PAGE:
Evident throughout this Pandemic is the discriminatory way the ‘elderly’ have been treated by both Church and State. Arguably, the most socially responsible group in society have been robbed of their freedom to exercise choice and told that they must ‘cocoon’ – a word itself which suggests that they must be sheltered, cosseted, protected. Other equally high-risk groups such as the ‘obese’ and ‘diabetics’ etc, were given no such direct orders because it would be politically incorrect to do so. But, because over 70s are generally regarded as docile to the dictates of authority, they are singled out and discriminated against. Also, Priests over 70 have been ‘stood-down’ and deprived of exercising their priestly ministry during this pandemic. No dialogue here, no opportunity given for them to make moral choices – and no opportunity given for men to become heroes. For long the Church has accused both the media and politicians of being influenced too often by ‘group-think’ yet this ‘dictat’ is a fine example of it. As in most other things in society today there is a huge absence of common-sense.
As and from tomorrow Monday, 18th May, Churches across Ireland are permitted to open its door for private worship only – subject to strict conditions. (Liturgical worship and the celebration of the Sacraments will be permitted to resume at a later date). Some of the conditions are:
- Signs on display indicating what is expected of all worshippers entering the church;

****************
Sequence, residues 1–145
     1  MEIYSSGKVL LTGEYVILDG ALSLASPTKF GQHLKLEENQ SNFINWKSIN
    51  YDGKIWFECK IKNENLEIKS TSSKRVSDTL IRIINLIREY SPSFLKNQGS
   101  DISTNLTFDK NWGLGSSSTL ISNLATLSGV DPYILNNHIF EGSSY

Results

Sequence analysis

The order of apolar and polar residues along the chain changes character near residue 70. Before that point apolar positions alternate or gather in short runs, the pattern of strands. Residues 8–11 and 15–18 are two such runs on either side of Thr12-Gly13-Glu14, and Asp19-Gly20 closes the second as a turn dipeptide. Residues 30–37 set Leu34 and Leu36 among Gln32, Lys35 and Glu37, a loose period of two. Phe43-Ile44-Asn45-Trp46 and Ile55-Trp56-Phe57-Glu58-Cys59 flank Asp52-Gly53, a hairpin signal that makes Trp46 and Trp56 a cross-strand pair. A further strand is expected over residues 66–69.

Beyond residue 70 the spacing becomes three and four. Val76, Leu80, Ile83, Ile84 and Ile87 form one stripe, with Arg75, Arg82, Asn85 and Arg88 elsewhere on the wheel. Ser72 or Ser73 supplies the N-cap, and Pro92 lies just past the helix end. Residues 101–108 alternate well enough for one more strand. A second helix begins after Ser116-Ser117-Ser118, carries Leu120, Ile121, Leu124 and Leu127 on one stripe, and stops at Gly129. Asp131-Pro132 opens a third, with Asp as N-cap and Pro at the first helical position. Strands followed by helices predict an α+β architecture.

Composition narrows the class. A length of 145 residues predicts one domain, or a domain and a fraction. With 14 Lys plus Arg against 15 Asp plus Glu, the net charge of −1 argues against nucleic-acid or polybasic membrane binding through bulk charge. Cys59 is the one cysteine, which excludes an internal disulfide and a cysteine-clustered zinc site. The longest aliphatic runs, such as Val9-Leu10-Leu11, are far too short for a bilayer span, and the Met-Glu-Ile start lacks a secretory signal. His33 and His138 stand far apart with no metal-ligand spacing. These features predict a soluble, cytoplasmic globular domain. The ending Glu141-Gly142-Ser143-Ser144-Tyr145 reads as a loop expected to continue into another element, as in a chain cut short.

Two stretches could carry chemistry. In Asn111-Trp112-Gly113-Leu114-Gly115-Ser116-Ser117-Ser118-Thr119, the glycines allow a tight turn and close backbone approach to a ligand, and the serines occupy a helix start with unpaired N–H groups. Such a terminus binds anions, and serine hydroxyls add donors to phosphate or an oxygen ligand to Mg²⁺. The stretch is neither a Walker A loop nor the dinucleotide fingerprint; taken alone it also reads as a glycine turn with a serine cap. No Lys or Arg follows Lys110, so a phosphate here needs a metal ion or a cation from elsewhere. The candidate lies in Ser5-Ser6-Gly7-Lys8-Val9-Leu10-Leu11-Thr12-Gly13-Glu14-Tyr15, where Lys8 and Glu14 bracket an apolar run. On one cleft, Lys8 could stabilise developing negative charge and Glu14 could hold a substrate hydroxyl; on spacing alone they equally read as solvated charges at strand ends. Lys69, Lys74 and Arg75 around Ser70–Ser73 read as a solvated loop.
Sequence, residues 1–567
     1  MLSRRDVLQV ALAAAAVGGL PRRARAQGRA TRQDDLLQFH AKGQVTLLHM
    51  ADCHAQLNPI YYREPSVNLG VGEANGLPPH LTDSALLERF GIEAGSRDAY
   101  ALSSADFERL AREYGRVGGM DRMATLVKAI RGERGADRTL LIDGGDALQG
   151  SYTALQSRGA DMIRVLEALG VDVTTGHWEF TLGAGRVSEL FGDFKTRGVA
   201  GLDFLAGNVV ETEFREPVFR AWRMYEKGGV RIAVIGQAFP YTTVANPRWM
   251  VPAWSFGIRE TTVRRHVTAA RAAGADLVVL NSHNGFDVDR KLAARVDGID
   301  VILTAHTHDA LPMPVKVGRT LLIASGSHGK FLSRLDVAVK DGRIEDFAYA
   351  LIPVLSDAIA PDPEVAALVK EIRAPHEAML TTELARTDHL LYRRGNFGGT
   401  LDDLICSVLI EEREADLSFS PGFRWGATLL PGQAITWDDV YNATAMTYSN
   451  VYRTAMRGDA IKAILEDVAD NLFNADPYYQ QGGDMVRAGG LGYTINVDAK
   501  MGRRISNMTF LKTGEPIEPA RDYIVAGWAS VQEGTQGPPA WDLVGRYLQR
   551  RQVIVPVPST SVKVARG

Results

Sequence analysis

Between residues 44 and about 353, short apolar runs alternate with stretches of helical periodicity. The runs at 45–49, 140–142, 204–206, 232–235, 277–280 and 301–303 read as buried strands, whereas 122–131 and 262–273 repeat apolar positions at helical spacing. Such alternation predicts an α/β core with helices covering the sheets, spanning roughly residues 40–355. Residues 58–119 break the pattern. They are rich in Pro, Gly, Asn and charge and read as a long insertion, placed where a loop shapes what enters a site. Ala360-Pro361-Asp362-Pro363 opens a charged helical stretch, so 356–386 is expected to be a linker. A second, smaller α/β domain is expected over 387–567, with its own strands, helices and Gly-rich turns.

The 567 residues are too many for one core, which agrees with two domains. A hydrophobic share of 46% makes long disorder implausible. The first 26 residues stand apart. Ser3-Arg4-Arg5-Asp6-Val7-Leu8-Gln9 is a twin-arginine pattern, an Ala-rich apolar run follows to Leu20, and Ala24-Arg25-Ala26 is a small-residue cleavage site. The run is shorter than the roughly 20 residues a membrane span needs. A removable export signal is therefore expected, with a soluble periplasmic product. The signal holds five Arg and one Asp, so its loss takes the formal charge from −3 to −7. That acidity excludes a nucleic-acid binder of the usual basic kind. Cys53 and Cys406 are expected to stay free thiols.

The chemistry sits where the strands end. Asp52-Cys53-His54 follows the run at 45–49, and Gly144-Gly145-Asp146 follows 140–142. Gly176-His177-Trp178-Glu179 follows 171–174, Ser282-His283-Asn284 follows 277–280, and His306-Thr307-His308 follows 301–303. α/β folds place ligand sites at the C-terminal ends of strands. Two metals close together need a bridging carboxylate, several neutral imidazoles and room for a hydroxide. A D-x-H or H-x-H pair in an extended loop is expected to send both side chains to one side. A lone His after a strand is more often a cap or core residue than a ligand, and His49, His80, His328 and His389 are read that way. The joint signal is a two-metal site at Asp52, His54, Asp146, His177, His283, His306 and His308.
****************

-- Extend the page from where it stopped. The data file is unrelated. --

- Regular and rigid cleaning of the space used by worshippers;
- Physical distance (2m) be maintained at all times among worshippers;
- The sanitization of hands by worshippers arriving and leaving the church building;
- Worshippers will enter via one door and leave via another maintaining a one-way system;
- A roster of Stewards be established to ensure that there is compliance with required regulations.
Here at Gurranabraher, our church will be open each weekday from 10am to 3pm. We appeal to parishioners to once again find refuge and strength in this church building where generations before us have sought refuge at crisis moments in their lives.
While Covid-19 infections and death rates have fallen – (thanks to the punitive measures already taken) – a resurgence still presents a real and ever present danger. The expense incurred so far in curtailing the virus is threatening to bankrupt many, many states. Any major re-occurrence now will be a cataclysmic event for Ireland and many other nations. Hence, each of us must do all in our power to make sure that Covid-19 is kept at bay. We, Catholics, illuminated by the gospel, know that prayer is a central element in ridding the world of this pestilence. For the sake of our future – and the future of our children – we need to intercede fervently before God to show us the way out of this morass. Let our churches be places once again where people plead before the Lord – and may these prayers be answered for all our sakes.